The fallacy of F1’s high-tech hybrid engine

F1 engine rules makers hard at work
F1 engine rules makers hard at work

New research reveals that a manufacturer needs to spend over $1.2 billion just on its engine program if it hopes to win the F1 title.

According to Forbes, since development of the hybrid V6 power unit began, Mercedes costs will have totaled $1.4bn by the end of next year.

And if you were wondering, Ferrari is thought to have spent even more, but as the Italian manufacturer doesn't file separate accounts for its F1 team and the engine division this cannot be verified.

Nonetheless, the fact is that any new manufacturer would be looking at an astronomical level of investment, and even if they already have a racing division the new unit would need to be built from scratch.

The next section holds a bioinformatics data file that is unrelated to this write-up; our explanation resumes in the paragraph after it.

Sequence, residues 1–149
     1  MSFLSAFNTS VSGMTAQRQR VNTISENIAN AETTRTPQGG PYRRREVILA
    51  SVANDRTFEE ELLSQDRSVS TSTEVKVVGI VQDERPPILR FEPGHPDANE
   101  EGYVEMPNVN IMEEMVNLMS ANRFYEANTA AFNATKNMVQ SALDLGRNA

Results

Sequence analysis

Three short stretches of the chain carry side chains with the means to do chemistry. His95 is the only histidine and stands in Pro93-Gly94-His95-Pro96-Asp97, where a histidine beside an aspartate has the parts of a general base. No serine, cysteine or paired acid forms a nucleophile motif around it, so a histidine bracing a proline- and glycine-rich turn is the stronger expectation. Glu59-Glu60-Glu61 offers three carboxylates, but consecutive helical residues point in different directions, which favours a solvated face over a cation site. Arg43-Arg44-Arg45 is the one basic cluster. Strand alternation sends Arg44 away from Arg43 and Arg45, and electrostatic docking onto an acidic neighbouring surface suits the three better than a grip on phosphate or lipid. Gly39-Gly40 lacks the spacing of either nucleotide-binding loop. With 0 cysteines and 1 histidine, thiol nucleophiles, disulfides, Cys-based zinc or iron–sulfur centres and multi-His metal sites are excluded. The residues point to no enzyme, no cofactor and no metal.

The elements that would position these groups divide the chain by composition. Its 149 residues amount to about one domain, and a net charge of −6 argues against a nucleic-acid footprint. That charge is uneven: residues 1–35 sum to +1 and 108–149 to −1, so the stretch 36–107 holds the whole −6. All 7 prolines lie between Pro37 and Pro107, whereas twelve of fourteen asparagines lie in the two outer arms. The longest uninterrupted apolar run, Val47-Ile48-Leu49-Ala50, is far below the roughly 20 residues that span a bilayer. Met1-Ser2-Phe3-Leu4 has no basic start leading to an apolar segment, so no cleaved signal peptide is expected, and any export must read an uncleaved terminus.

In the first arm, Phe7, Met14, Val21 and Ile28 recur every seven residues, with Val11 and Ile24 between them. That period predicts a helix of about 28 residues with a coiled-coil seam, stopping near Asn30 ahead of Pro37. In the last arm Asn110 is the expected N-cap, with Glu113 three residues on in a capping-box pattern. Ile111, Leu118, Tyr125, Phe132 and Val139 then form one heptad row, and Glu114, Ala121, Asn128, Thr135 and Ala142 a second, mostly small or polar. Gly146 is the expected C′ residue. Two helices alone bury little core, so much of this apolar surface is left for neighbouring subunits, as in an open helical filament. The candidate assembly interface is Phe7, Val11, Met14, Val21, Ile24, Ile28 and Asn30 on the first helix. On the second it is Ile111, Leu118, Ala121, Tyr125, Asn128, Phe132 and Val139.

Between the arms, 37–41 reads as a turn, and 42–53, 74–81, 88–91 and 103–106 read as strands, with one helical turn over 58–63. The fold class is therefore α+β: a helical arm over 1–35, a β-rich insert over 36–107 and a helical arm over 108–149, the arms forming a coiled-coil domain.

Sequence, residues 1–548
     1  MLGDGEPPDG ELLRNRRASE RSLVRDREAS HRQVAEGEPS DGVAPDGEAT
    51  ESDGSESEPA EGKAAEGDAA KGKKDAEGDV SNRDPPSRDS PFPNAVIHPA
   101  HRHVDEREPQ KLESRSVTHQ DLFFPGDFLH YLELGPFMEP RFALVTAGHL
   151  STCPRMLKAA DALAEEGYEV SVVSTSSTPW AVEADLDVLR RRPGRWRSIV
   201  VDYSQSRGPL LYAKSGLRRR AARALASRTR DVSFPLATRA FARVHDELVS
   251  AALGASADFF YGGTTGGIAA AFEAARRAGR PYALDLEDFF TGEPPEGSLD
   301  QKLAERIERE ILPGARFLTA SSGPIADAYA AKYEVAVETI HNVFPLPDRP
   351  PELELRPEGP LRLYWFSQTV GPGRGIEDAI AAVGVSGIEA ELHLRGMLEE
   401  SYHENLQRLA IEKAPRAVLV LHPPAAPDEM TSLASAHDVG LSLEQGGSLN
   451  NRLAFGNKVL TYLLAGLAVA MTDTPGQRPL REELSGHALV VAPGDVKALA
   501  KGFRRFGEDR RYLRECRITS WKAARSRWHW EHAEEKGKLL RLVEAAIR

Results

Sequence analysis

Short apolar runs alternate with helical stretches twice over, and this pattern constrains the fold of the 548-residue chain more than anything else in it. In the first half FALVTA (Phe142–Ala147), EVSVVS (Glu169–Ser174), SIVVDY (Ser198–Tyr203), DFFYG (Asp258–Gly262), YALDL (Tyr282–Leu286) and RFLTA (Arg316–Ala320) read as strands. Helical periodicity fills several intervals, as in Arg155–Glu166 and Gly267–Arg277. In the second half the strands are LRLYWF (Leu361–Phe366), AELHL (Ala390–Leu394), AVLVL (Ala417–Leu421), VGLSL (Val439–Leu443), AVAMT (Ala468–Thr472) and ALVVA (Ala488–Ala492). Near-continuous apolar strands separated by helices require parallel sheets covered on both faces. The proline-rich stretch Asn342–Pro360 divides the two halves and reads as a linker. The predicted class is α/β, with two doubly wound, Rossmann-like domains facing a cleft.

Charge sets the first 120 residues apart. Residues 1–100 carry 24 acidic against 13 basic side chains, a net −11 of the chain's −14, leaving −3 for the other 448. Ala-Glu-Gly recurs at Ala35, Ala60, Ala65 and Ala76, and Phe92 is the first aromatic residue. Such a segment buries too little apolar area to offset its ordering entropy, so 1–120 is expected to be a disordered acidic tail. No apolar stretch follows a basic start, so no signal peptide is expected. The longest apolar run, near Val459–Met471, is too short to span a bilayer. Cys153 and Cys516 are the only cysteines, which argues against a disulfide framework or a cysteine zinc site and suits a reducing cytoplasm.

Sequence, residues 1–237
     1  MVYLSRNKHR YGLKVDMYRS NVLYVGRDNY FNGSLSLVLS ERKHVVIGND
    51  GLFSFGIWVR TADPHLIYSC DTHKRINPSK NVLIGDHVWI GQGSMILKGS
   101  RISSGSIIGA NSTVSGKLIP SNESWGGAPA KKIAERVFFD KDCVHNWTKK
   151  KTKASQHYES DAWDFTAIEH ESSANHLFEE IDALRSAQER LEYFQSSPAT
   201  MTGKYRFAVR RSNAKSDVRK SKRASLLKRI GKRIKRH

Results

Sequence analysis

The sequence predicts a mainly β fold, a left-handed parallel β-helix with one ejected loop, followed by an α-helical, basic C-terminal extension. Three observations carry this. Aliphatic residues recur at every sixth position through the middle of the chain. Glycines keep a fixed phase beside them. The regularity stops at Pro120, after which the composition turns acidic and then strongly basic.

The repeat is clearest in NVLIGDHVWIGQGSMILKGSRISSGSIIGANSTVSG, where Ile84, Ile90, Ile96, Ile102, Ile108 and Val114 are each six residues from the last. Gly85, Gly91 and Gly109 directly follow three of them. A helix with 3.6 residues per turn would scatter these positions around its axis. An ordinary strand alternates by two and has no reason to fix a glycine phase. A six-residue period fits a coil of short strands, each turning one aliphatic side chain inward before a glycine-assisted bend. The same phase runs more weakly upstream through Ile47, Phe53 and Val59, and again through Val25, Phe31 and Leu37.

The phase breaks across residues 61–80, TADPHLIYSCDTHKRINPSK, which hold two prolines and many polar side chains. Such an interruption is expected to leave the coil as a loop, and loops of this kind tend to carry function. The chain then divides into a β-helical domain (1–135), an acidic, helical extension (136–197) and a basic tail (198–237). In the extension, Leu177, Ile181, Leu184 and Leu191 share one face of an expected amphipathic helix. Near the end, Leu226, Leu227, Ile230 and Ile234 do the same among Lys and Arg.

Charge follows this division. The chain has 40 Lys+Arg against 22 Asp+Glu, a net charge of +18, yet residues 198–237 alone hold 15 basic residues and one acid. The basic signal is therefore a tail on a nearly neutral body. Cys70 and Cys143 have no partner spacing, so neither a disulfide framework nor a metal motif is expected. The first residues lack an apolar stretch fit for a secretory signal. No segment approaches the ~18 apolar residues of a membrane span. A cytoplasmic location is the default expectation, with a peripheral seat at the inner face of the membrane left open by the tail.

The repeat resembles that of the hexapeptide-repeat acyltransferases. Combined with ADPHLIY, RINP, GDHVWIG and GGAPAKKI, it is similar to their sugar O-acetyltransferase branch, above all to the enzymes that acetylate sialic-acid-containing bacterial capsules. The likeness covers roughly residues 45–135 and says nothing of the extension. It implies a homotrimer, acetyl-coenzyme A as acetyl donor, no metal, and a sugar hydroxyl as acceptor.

Honda and Renault are already questioning their future involvement in F1 given their low win rates vs. the investment needed and with the cost cap, they will never be able to catch up

And with sales in the car industry starting to soften, it might not be long before all four manufacturers kiss F1 goodbye. We saw reports today that Mercedes is planning a big layoff and buyers are starting to get underwater with their car payments. A similar situation happened before the housing bubble burst in 2007/2008.

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